George W. Bush isn’t so much a president as a superhero.
When he’s not saving Planet Earth from Evil Terrorists, he’s providing the Greatest Generation with free drugs. When he’s not colonizing Iraq and Afghanistan, he is planning to colonize the moon. When he’s not keeping every child from being Left Behind, he’s saving the holy institution of marriage from those who would destroy it.
Here’s a guy who doesn’t lack for self-esteem. If only he didn’t have so much access to police agencies and tax dollars, his world-saving delusions wouldn’t bother me so much.
The marriage-saving thing is what has really caught my attention. I’m no expert on the subject, although next week I will celebrate my 20th wedding anniversary. What astounds me, is that my wife and I have lasted so long without the help of any government program.
Maybe we’re just in denial.
Bush and his religious-right supporters utter all sorts of pabulum. You know the kinds of stupid things they say. People have to work at marriage. And they need advice on how to have a successful marriage. And they ought to have counseling, so they know what they are getting into. They need to learn about finances and personal responsibility.
Oh right, the same conservatives who understand that government has helped destroy families through welfare and other programs are eager to let it fix the situation. Are these people morons or are they just too eager to get a piece of the subsidies?
Some of their marital advice might be true, although most of it strikes me as trite and superficial. Whatever the merits of any particular marriage curriculum, it is none of the government’s business. Reduce marriage to a series of questions and counseling sessions, and the whole thing becomes so clinical. Government officials seem incapable of doing the most basic things, so how are they going to bolster a marriage?
Nothing done by force or subsidy will achieve anything worth achieving, anyway.
The problem with marriage is a religious one. People have abandoned the self-sacrificial model of life for a model that advances self-fulfillment. That doesn’t mean that marriage is a cross to bear, a burden that demands constant sacrifice and suffering.
In my experience it has been a joy. But unless one is willing to follow Christ’s example (whether one knows he is following that example or not), and love unconditionally, through sickness and health, in good times and in bad, one is unlikely to build the right foundation for a lifelong marriage.
It’s almost verboten to mention, but in the current world, where chastity is not exactly valued, young men have little incentive to get married. Without a change of heart in this area, the current situation won’t change. But this most certainly is a role for churches and families, not government. But the churches like to soft-sell this sort of thing.
Here in California, people switch marriages as frequently as I switch cars. This is in a state where the financial burden for getting divorced is immense, thanks to a flawed no-fault divorce system. I cannot believe the high divorce rate is because people don’t understand what they are getting into or what is technically required to be a good spouse. It’s not because they lack training, or courses or government help.
I’m sure there are many good reasons for divorce, but often the reason has more to do with the pursuit of pleasure and self-fulfillment than anything else. A government cannot fix this, and I cannot even envision the unforeseen consequences of trying.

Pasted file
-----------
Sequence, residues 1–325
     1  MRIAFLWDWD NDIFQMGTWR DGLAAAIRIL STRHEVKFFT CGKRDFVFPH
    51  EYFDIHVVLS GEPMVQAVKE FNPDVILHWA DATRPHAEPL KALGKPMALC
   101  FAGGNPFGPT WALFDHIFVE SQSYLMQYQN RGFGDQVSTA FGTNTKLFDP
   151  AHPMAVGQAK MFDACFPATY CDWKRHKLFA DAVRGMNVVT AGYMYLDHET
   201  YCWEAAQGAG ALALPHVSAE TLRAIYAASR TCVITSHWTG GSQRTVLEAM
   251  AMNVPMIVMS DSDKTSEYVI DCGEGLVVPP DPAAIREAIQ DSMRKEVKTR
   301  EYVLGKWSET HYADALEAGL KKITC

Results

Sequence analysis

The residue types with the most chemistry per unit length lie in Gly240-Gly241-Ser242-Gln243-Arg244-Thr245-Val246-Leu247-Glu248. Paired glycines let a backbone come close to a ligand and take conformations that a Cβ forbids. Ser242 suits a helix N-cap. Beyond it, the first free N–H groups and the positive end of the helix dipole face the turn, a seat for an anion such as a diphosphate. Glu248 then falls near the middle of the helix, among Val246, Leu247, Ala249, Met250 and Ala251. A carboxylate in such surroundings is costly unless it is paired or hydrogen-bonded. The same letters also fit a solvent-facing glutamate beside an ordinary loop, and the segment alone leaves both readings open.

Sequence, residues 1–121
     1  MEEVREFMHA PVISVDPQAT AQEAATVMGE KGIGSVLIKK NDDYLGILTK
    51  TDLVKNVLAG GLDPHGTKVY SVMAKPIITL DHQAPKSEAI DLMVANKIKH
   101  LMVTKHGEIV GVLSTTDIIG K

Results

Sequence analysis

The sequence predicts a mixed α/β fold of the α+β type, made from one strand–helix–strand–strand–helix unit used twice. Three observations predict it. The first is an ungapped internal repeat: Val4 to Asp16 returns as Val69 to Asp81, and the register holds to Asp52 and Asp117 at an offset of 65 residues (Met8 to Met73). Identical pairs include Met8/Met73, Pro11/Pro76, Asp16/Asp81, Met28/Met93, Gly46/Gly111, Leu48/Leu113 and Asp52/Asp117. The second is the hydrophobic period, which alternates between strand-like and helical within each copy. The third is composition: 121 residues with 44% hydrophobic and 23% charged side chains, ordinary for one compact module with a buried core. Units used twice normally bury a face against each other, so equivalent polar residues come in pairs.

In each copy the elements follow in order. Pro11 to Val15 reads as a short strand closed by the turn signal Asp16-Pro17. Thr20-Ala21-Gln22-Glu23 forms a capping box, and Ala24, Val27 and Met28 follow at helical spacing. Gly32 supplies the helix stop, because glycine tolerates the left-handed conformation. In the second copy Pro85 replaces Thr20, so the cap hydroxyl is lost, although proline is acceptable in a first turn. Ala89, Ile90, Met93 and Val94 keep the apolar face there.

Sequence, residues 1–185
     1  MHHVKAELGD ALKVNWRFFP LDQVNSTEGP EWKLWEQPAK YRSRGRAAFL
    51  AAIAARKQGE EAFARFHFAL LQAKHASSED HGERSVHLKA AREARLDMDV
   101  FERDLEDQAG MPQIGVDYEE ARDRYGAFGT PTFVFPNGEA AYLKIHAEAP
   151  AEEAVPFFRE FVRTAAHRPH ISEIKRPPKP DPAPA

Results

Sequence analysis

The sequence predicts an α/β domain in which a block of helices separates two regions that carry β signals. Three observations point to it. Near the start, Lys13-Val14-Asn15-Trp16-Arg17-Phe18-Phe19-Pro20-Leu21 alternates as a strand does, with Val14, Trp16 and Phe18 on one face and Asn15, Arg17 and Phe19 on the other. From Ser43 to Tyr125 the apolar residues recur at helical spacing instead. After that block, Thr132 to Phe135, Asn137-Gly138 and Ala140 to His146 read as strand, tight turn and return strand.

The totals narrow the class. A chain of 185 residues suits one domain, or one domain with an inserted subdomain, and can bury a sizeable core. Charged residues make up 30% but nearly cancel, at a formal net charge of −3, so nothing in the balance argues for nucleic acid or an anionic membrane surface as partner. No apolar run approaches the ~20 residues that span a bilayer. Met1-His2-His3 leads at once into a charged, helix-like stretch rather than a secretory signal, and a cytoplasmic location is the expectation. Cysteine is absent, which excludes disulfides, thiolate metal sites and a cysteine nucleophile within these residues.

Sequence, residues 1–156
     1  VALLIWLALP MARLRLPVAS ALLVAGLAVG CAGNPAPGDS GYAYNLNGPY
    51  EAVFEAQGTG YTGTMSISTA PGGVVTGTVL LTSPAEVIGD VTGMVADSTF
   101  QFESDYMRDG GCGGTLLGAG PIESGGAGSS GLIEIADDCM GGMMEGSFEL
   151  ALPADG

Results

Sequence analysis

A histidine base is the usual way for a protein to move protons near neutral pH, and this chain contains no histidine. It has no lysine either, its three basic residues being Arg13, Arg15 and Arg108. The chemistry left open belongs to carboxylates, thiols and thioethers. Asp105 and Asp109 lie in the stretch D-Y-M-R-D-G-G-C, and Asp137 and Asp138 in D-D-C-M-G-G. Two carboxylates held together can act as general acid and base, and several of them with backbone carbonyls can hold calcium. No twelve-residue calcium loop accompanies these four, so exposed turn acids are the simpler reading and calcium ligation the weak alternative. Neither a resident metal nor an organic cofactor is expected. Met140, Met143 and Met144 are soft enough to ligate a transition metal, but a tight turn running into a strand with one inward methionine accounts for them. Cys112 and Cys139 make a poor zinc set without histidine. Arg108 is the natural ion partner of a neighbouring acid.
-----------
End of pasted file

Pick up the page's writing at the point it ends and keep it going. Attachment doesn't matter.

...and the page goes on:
Shouldn’t religious leaders get back to the basics of teaching traditional views of Christian marriage rather than turn to George Bush and the federal government to do the work for them? Perhaps if pastors and priests tried to follow Christ rather than mammon, their flocks might learn a lesson or two and apply it to their own lives.
Sure beats another government program.
I can’t wait to see the curriculum in this $1.5 billion boondoggle. I bet, if the do-gooders had their way, my parents’ marriage and my own marriage would never pass muster.
My mom and dad were married 48 years before Dad died. They loved each other dearly. They were young, broke, and dated two months before tying the knot.
My wife, Donna, and I got no counseling. We got no subsidies. I was 23 and she was 21. My mother cried at the wedding and whispered in my ear, "This is the worst day of my life." Most of my relatives boycotted the event, given that good Jewish boys from Philadelphia aren’t supposed to marry Polish Catholic girls from small coal-mining towns.
We didn’t care. I had no money, and a lousy low-paying job. I was married in a church, not a government building. The state of Virginia did give us a license, and we did have to provide a blood test to prove, I suppose, that we weren’t first cousins.
That was it.
I never even bought her an engagement ring, which is an omission I hope to rectify at our anniversary dinner on Tuesday (don’t tell her). Like all happily married couples I know, a good marriage can cover up a whole lot of mistakes and stupidity. It can overcome poverty and difficult situations, long illnesses and death itself.
There’s no program that can teach you to love your wife and kids the way Christ loved the church. And the government certainly isn’t going to teach the most important lesson in a successful marriage: Finding the right spouse. The government will only waste people’s time, waste everyone’s money, and make a lot of divorce lawyers rich.
I’m not sure if I’m angrier about this idiotic marriage plan, or at the idea that a president is so arrogant to think that he and his bureaucrats have the wisdom to fix this "problem."
Steven Greenhut (send him mail) is a senior editorial writer and columnist for the Orange County Register.